ImageHow to do it: Secure a cable or resistance band at waist height on your right side. Stand with your feet hip-width apart, knees slightly bent, and hold the cable in front of you with straight arms—there should be tension in the cable. Brace your core. Maintaining an erect torso and without moving your legs, rotate your torso so that your hands (and the cable) move to the left while maintaining your original head position. Rotate back to the start and all the way to the right. Switch positions so the cable is on your left side, and repeat.

How this helps: Arm swinging requires movement and a level of rotation in your upper spine. Your body rotates like a pivot.” To ward off fatigue, “we need to make sure the thoracic (upper) spine is nice and loose.” – (Ali Gelani, M.S., CPT)

3) Alternating High Knees

ImageHow to do it: Stand in place with your feet hip-width apart. Drive your right knee toward your chest while keeping your left arm at a 90 degree bend as to connect the two sides and quickly place the leg and arm back to their starting positions. Follow immediately by driving your left knee toward your chest with your right arm bent at a 90 degree angle. Continue to alternate knees with the corresponding arms.

How this helps:  The action of running is a fluid forward progression with minimal trunk rotation. Incorporating the motion of high knees drives the hip forward contracting the quads while emphasizing a counterbalanced motion of the hands. This translates over to the pavement.

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Sources:
Jeremey DuVall, M.S., CPT

NIKKI KIMBALL, M.S.P.T.

Ali Gelani, M.S., CPT

5 Strength Training Exercises for Running Enthusiasts

Who knew that in order to increase running efficiency, lessen injury potential and develop more core and lower body stability that we need to incorporate “strength training” as opposed to just running more? Well, if you find yourself on the side of choosing to run more, you might want to consider adding a strength training component to your work out regime. Fitness Propelled has been examining preventative running practices, injury treatments and understanding common running injuries. Now, it is time to take our collective knowledge and become proactive by applying the exercises portrayed below. Recommended 3 sets of each @ time and repetitions listed.

1)      Reverse lunges with overhead presses:

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  • Hold a pair of dumbbells straight above your shoulders, with your arms straight and elbows locked. Step backwards with your left leg, and lower your body until your front knee is bent 90 degrees. Return to the starting position, and repeat with your right leg. That’s one repetition. 12-15 repetitions per set.

              i.      Muscles worked: quadriceps, hamstrings, gluteus, shoulders, core

2)      Planks:

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  • Prop yourself up on your elbows with your feet slightly apart. Make sure your body is aligned, your abdominal muscles are tight, and shoulders are directly above the elbows and down and back, not hunched up. Hold this position for 45 seconds to one minute per set. Gradually add time as your core gets stronger.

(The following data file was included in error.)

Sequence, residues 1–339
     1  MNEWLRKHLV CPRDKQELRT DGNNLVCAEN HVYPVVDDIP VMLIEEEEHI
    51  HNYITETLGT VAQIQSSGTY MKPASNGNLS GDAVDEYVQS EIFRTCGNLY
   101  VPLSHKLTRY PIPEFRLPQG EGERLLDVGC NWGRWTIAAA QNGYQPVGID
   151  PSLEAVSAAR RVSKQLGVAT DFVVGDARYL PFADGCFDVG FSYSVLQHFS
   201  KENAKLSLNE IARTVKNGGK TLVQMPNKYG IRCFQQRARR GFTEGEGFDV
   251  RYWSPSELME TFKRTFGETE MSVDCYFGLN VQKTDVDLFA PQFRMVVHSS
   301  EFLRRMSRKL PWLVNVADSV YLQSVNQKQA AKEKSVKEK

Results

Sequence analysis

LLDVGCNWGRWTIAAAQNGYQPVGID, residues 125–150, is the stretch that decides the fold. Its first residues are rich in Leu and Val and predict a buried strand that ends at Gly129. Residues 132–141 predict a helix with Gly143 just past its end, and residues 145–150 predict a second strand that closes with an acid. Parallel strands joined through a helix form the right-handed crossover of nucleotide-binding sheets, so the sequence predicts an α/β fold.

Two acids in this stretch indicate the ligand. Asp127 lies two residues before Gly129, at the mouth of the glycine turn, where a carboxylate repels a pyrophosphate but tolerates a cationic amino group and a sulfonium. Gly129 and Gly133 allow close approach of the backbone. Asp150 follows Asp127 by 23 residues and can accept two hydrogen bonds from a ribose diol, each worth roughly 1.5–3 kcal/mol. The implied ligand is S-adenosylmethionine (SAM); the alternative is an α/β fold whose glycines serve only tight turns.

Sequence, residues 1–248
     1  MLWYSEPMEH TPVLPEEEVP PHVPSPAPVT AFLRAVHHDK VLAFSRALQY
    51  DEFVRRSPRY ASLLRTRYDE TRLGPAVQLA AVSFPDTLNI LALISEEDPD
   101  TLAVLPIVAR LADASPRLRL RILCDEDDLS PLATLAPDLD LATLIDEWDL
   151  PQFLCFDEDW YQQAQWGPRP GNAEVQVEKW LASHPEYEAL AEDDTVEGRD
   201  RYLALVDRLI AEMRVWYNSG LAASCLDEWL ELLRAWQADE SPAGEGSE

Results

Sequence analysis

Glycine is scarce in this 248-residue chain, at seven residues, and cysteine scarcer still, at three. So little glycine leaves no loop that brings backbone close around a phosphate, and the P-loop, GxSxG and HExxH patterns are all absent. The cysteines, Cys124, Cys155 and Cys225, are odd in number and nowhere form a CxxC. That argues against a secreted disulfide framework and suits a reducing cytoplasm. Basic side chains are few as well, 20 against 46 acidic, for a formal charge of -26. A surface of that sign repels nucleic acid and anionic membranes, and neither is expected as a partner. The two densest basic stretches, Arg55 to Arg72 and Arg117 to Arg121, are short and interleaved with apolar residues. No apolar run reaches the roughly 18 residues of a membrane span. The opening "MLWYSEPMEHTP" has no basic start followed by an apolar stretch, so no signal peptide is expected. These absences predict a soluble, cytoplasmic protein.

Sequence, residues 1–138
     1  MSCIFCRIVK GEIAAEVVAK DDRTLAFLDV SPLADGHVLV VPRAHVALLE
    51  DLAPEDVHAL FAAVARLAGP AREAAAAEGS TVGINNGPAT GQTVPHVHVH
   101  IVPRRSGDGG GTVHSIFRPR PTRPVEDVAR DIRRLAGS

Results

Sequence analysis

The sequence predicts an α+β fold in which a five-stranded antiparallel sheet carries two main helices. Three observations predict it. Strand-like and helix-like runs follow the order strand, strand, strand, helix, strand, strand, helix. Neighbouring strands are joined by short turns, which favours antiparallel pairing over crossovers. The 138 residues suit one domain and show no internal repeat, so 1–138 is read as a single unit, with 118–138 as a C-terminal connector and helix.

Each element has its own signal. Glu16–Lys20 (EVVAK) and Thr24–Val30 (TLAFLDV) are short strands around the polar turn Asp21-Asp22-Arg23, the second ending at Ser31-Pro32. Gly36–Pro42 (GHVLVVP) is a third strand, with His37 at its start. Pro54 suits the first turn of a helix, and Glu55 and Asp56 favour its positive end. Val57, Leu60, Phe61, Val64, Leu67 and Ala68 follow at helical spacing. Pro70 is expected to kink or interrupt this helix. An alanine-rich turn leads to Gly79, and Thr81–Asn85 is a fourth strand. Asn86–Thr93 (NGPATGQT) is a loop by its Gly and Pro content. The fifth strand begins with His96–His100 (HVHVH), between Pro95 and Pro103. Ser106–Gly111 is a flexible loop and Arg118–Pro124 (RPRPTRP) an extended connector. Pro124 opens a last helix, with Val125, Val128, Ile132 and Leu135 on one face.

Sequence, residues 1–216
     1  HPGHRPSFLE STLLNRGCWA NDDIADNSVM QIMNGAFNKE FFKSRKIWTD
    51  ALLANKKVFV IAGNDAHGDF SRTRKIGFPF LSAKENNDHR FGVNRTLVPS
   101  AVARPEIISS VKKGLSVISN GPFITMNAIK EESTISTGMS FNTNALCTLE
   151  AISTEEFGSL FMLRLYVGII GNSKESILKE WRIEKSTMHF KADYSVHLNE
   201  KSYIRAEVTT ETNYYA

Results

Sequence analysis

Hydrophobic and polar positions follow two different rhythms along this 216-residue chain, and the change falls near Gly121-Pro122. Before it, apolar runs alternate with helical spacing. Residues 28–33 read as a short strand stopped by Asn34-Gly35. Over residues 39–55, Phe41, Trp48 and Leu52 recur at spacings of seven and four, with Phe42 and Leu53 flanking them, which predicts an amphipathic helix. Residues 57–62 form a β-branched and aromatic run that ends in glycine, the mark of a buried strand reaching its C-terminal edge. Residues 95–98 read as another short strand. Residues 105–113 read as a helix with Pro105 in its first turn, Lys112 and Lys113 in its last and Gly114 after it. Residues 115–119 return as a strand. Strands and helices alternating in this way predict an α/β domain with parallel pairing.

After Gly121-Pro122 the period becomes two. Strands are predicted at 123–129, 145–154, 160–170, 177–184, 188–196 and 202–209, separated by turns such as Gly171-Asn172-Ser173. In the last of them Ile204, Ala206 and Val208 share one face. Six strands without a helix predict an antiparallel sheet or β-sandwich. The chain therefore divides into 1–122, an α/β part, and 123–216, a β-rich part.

i.      Muscles worked: core, lower back, shoulders

3)      Stability ball back extensions:

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  • Lie face-down on a stability ball with your feet spread wide for balance. Your elbows should be bent with your hands lightly touching the ground for initial support. Squeeze your gluteus and lift your torso up until your body forms a straight line. As you lift your torso, allow your hands to come off the ground, keeping your elbows bent. Extend your arms overhead. Hold for one or two seconds. Release your arms and then your torso back down to the start position. That’s one rep. Aim for 12-15 repetitions per set. No stability ball? You can do the movement on an exercise mat: Raise your thighs and arms off the ground while your torso stays in contact with the ground.

                   i.      Muscles worked: lower back, glutes, middle back, shoulders

4)      Kettlebell squats w/ rotational twists

ImageHold the kettlebell with both hands in front of your chest. Stand with your feet hip-width apart. Push your hips back, and lower your body into a squat until your thighs are parallel to the floor. Press the kettlebell above your head to the right shoulder rotating through your abdomen, return the kettlebell to the original position and repeat to the left shoulder. 12-15 repetitions per set.

                       i.      Muscles worked: glutes, quads, hamstrings, lower back, upper back, shoulders

5)  Stability ball hip extensions or gluteus bridges

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  • Lie on your back on the floor, and place your calves on a stability ball. Extend your arms to your sides to help support and balance your body. Push your hips up so that your body forms a straight line from your shoulders to your knees. Without allowing your hips to sag (keep with your body at all times), roll the ball as close as you can to your hips by bending your knees and pulling your heels toward you.